top of page

Meaning at Risk in the Age of Automated Information Processing

Jul 4, 2024

Meaning at Risk in the Age of Automated Information Processing by John Vervaeke at Humanum. We are in an age in which information processing has become dominant as both an overarching technological framework and medium, as well as a primary metaphorical framework through which we try to interpret and understand ourselves both individually and collectively. This is perhaps most prominent in the advent of artificial general intelligence (AGI) which threatens to challenge and change humanity in a profound and pervasive manner. Read


Bans on Smartphones in the Classroom Gain Favor Across Political Spectrum by Jonathan Butcher at Intellectual Takeout. The school year is over, and the results should leave parents and educators with more anxiety than relief. Achievement scores are near historical lows and student absenteeism is high. There is some bipartisan agreement, though, on classroom management that could help students begin to rebound in the fall: Prohibit smartphones in classrooms. Read


4 Essential Lessons from Aristotle About Being Human by Joseph R. Wood at Cana Academy. What is it to be human? We see our friends and neighbors doing many things: eating, sleeping, talking, reading and writing, playing games, watching videos, working, praying, on and on. But what is the essential nature of the being who does all these things? It’s a question that has both delighted and perplexed us since we became aware that our rational minds distinguish us from other living beings around us and make us capable of asking the question in the first place. Today, as we confront strange new possibilities of artificial intelligence and transhumanism, the question comes back to us with new force. Read


Summer To-Do List for Catholic School Teachers by Rose Coleman at Word on Fire. As one school year ends and another looms on the horizon, teachers spend the summer enjoying restoration, leisure, and reflection. Amidst the potential flurry of family vacations, reading, side hustles, maintenance projects, planning, and professional development, Catholic school teachers must be mindful stewards of this time, focusing first on faith. Read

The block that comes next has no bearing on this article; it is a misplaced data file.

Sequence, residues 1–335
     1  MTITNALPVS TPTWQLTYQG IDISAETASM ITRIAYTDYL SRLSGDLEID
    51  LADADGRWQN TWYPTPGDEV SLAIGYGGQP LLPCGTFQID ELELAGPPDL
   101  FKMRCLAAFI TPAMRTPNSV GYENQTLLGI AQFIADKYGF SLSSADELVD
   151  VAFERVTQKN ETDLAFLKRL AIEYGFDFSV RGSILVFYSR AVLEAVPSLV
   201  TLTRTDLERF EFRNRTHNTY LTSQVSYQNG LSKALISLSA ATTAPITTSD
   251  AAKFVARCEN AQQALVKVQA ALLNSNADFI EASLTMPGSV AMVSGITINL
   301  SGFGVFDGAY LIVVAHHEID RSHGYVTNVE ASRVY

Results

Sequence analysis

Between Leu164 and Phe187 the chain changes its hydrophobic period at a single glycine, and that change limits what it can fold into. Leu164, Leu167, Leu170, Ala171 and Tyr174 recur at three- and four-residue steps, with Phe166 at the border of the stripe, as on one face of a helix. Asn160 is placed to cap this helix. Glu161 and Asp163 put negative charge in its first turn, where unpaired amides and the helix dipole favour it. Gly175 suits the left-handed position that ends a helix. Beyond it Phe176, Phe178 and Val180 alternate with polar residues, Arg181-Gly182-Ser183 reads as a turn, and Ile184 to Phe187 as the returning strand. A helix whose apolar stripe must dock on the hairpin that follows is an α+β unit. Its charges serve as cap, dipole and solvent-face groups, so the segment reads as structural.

A Catholic Family Summer, Part II: An Invitation to Wonder by Mary Zuniga at Holy Spirit Preparatory School. Perhaps the vacation or beach trip has passed. Perhaps the early summer excitement begins to be replaced with voices clamoring, “I’m bored” or “I have nothing to do.”  Or perhaps your summer has been so packed that it’s been hard to sit still, as one activity races after the other. This is my invitation to you to embrace slowness this summer. In a world that grabs and squanders our attention, slow days lead us to reclaim our children’s and our own attention. These slow, ordinary summer days are precious and full of opportunities to create unique, unexpected, wonder-filled memories that draw your family together. Read


Oklahoma Catholic Charter School Pledges to ‘Fight’ Court Ruling. State Fails to Void Its Contract. by Nuria Martinez-Keel at Oklahoma Voice. Leaders of an Oklahoma Catholic charter school said they will “continue to fight” to open the school after the Oklahoma Supreme Court rejected their attempt to operate as a state-funded entity. Meanwhile, a state board in Oklahoma City failed to comply with the state Supreme Court’s order to rescind the founding contract for St. Isidore of Seville Catholic Virtual School. Read


Meet the Crop of New Leaders in Catholic Higher Education by Kate Quiñones at Catholic News Agency. Of the more than 200 Catholic colleges and universities in the United States, several are in the midst of major leadership transitions. Here’s a look at the most recent. Read


Catholic University Grads Report High Levels of Fulfillment, Moral Thinking, Survey Finds by Kate Quiñones at Catholic News Agency. Catholic university graduates are more likely to report higher fulfillment and more emphasis on morality in their decision-making than non-Catholic school students, according to a recent study out of St. Mary’s University in San Antonio. The study found that in areas such as life goals, graduates of Catholic universities and colleges had more of a sense of “direction,” with 9% more responding to that effect. Read


Throwback Thursday


The K-12 Education Renaissance by Jeremy Wayne Tate at First Things on January 25, 2023. Few parents are going to want their children to waste their formative years in joyless, factory-style learning environments when superior alternatives exist. Faith-based schools that kindle wonder within children are multiplying. The good news is parents are embracing these options so enthusiastically, it’s difficult to build schools fast enough to meet the surging demand. As I discussed in a previous article, classically minded colleges are enjoying historic levels of success. It’s revealing that the trend is just as strong, if not stronger, at the primary and secondary level. These classical K–12 alternatives are rapidly expanding while conventional schools struggle with chronic absenteeism, plunging achievement, and an enrollment decline not seen since World War II. Read

bottom of page